In the 1760's Jacques and Francois were brothers who came North to trade (my grandfather says they were from Quebec), Francois married Ethiba(Akaitcho's sister)a Dene woman; they had a son Francois Beaulieu "Old Man Beaulieu/Le Patriarche" who was born around 1771-75 and died in 1872. He had 7 wives one from every tribe, gave them all up, except his first wife Catherine St. Germain(Possibly a Cree), when he converted to Catholism.
    Apparently before the Beaulieu's there was a Mandeville; Le Camrades Mandeville,who came up in the 1750's, apparently from France, there were two brothers, one went to Louisianna and the other to the North, I only add this because there might be additional info found there somewhere.

  5. Francois Beaulieu was, without a doubt, the first Quebecer to settle in the North. I've been researching Old Man Beaulieu since 1966. His father came to the North in the 1760's and married Ethiba who was the daughter of the Chipewyan Chief Sun Beams and a captive Cree woman. She was about 40 years older than Akaitcho. Pierre St Germain was the next to settle up there and married Thakarilther who was Chipewyan. I was told that La Camarade's father travelled up north with Louison Cayen's father who also came from France. Louison and La Camarade married sisters making them brother in laws. The first written documentation I've seen of the Mandeville name mentioned is when a Joseph Mandeville renewed his NWC contract in Fort Chip in 1798. La Camarade was reputed to be born around 1800 to 1802.
    On to Old Man Beaulieu's age. He claimed to be born in 1761 and was there in the North to witness the arrival of Pond. No reason not to believe him. Another interesting 1802 Alexander McKenzie had gotten into a quarrel with Joseph Labrie and it was Old Man Beaulieu, who had just returned from a hunt, who quelled the situation by threatening to kill McKenzie. He wouldn't have done that had he been born in 1793.
    I grew up in Salt River and heard and recorded all the stories told to me by the old timers from there. The old timers I refer to are: Vincent Beaulieu, Xavier Beaulieu, Felix Beaulieu, Germain Squirrel, Germain Tourangeau, Fred Berens, Suzi King, Magloire Abraham, David King, Antoinette Deneyutchele, Nap Naskedhe, Isadore Mercredi, Isadore Jeremie, and Olivier Nadgere among them. These people related the family histories to me as well as the stories/legends such as "The Old Woman Sitting There" and "The Arctic Giant".
    Francois' father returned to Montreal shortly after returning from the Beaufort Sea with McKenzie. Ethiba then lived with a Chipewyan trading Chief by the name of "The Rat".

  6. Old man Beaulieu was my great great grandfather. We still have a big Beaulieu family in Fort Resolution NWT and Fort Smith NWT. I am of French, Chipewyan and Cree descent as well.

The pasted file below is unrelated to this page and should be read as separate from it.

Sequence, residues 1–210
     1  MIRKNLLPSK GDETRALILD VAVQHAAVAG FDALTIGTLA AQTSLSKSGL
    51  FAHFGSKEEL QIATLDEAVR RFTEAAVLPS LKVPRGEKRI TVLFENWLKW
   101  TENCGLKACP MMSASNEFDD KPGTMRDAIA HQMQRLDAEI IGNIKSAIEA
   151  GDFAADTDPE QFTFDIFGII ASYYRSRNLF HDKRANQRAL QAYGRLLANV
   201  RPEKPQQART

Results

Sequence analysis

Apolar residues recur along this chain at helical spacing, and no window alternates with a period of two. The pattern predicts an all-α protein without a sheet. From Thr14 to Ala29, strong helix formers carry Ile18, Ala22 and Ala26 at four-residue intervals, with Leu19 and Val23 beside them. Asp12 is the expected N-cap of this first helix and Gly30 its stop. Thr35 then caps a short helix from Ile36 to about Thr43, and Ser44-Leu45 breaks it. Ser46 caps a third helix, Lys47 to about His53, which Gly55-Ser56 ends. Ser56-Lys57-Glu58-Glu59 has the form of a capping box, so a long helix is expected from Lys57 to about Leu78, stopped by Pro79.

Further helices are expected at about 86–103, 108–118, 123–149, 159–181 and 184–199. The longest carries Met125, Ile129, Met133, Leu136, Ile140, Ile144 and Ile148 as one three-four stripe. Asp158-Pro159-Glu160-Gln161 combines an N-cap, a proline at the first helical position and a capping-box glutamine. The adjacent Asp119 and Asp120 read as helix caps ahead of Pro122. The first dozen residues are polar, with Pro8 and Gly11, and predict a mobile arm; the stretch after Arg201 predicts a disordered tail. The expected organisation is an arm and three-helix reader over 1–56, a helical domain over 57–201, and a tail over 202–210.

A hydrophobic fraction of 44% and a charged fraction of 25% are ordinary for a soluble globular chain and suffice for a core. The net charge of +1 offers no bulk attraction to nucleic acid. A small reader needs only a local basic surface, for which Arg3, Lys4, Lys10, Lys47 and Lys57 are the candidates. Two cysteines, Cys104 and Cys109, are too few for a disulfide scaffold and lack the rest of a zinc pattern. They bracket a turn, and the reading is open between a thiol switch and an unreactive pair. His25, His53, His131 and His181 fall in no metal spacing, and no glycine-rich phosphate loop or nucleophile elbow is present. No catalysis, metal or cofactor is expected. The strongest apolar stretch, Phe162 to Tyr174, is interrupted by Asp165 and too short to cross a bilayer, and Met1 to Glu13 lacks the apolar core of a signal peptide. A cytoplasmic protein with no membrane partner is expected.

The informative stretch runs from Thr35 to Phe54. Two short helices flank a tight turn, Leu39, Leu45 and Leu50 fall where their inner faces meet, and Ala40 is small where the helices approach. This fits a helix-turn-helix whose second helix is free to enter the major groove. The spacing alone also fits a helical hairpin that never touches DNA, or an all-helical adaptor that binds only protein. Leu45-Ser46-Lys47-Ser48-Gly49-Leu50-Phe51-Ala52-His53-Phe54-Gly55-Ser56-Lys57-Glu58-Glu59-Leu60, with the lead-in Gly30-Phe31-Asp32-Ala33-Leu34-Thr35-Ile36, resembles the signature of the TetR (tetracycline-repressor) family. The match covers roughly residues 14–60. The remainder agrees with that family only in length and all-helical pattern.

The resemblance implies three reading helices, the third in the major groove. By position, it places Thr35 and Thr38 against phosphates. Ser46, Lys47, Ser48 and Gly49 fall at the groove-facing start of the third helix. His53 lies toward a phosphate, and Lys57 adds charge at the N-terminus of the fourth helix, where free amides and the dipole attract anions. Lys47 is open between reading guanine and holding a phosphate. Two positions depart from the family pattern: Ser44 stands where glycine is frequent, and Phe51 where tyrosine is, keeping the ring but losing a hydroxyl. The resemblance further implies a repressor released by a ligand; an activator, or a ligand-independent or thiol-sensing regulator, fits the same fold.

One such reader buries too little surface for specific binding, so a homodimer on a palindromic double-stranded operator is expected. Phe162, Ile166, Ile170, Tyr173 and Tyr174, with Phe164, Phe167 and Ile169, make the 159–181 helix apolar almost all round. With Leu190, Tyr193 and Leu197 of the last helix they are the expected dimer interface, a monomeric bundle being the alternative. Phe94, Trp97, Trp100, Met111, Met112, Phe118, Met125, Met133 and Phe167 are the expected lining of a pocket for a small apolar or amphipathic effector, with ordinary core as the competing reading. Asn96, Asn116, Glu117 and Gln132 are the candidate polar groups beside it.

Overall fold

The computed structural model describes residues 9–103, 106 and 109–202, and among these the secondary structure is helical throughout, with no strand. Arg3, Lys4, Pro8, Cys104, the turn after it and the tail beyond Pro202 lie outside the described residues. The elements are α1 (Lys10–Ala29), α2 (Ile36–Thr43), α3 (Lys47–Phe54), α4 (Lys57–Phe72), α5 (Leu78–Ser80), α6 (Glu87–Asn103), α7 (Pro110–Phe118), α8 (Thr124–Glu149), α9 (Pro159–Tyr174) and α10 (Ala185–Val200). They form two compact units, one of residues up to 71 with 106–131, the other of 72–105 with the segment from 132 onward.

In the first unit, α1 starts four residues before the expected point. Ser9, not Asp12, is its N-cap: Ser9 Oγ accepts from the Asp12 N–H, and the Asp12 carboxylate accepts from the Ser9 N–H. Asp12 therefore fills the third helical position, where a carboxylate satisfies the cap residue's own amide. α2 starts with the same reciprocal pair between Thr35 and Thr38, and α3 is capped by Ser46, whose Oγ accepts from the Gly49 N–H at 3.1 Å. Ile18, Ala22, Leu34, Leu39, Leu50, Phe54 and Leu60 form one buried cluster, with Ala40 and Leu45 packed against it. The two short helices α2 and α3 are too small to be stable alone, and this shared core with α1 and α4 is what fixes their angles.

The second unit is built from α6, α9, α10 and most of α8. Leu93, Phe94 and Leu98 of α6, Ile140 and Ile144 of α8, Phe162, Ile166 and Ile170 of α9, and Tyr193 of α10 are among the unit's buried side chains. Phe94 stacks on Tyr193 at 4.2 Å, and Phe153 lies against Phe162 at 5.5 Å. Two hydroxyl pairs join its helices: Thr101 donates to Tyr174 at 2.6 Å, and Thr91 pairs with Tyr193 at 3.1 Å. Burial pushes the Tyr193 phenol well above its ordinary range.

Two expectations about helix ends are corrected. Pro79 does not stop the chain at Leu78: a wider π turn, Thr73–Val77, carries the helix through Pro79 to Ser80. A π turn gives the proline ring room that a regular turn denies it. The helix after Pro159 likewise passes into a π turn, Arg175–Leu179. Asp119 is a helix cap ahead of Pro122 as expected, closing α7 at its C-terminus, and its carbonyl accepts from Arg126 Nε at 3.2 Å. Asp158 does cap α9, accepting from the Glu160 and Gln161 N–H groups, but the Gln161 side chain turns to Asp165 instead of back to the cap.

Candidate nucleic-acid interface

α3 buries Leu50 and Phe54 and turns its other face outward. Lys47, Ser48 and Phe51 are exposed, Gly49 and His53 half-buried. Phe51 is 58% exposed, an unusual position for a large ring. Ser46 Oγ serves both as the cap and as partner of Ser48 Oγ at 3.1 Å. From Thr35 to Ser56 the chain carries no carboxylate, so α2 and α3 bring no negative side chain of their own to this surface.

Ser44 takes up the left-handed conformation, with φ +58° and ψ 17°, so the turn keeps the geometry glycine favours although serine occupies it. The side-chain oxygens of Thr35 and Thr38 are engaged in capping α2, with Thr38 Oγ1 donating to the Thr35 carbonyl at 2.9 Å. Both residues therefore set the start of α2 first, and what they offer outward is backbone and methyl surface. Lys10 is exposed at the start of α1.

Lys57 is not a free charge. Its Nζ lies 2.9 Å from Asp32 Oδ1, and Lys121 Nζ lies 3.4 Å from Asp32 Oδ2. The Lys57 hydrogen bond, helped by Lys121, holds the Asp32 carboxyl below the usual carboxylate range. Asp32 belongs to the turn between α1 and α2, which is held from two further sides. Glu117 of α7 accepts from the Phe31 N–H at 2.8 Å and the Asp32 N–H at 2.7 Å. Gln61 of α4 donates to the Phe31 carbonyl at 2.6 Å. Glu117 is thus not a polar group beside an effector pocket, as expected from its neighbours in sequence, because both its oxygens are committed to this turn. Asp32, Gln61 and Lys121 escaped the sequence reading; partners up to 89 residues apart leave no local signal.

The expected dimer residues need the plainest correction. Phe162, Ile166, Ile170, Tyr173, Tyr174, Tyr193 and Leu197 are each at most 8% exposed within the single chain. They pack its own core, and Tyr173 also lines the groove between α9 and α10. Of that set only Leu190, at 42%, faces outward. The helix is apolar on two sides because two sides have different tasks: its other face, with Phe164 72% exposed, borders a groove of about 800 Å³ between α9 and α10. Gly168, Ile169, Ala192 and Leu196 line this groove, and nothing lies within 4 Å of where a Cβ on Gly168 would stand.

1. Hello Mahalia. I too am a great-great grandfather of Francois Beaulieu ll. His daughter Madeleine married Antoine Lafferty. Their son, Henry was my grandfather. Another son, Napoleon, was the first Metis Oblate priest in the Athabascan diocese. Henry went on to have over 50 grandchildren!

    2. That should read 'great-great-granddaughter'

  7. I think every Francois had a son named Francios. So who knows how far they go back. My grandfather was Francois King-Beaulieu. My family only uses King now.

  8. Also thanks for putting all that info into I tried to look for family history and I couldnt find anything. One of our great grandmothers was also an Anderson of Scottish descent.

  9. I've been researching the Beaulieu family history back from 1880 when my family travels to Maine from Quebec. They arrive with an oral history that is largely dismissed by the time I come along, so I search far and wide to explain when and where the Beaulieu family first comes to live with peoples of First Nations. During the process I came upon communications concerning a British prison ship called the Pembroke snow. (Snow is the type of ship.) Anyway, 1755 a man the British record as "Captain Beaulieu" is being deported from Nova Scotia. He has skills in navigation and ship repair, as he leads the prisoners aboard to the safety after repairing the ships mast and leading the mutany that allows them to escape into the wilderness of New Brunswick. They travel to the Saint Lawrence with French, First Nations, and mixed blood peoples fleeing the British. The story is recounted by several people along the Saint Lawrence, but none explain what happens to Captain Beaulieu. Several Acadian families claim him through "dit" names, but they rely upon incomplete documentation of that region and none refer to an individual with the skills demonstrated by this "Captain Beaulieu". His skills do however make him a valuable recruit for "la compgnie des Sioux", which is known to be traveling into the NWT at this time and is said to be the means by which Francois (Old Man) Beaulieu's father comes to the region. The skills demonstrated by "Captain Beaulieu", if passed down to Francois, would prepare him to assist in the organization of resistance to the British and to assist MacKenzie and Franklin. Even that that thing that leads Francois' father to live with First Nations people can be explained thusly.